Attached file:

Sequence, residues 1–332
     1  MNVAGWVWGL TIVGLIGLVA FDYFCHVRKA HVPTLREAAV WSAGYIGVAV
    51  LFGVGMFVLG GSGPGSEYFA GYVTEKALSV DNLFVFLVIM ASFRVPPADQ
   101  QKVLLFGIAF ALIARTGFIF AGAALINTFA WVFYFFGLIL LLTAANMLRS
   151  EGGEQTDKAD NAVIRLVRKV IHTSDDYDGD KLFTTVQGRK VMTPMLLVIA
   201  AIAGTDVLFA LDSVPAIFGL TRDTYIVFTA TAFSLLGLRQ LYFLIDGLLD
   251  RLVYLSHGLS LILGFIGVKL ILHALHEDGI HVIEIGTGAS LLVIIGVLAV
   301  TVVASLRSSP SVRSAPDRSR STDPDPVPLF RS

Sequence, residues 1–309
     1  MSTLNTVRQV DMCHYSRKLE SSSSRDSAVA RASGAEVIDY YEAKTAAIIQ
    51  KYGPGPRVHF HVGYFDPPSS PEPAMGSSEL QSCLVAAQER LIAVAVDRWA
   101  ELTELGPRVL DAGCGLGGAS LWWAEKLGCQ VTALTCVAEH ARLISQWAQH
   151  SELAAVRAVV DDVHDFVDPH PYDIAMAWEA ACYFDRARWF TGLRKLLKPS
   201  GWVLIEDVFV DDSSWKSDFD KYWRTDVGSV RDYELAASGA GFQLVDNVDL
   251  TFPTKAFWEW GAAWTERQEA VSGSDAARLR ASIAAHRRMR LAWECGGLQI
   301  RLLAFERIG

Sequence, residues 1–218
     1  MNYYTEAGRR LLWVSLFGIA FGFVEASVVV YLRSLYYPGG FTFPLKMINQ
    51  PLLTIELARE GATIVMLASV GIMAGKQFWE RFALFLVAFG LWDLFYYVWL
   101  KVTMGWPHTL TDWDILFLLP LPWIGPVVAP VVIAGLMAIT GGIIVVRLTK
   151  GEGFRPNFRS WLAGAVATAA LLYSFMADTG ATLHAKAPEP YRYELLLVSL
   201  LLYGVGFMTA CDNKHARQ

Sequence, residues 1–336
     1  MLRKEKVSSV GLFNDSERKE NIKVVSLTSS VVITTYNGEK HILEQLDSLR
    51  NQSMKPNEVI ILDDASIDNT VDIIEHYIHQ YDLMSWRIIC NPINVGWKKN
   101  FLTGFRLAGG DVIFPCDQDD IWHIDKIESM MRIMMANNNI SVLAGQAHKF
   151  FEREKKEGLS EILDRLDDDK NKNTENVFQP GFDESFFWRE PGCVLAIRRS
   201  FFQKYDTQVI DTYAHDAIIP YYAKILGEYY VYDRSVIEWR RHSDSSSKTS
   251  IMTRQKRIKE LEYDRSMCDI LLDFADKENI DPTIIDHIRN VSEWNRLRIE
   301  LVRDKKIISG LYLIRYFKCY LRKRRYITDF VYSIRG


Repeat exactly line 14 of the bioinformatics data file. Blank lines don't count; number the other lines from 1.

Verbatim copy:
   201  GWVLIEDVFV DDSSWKSDFD KYWRTDVGSV RDYELAASGA GFQLVDNVDL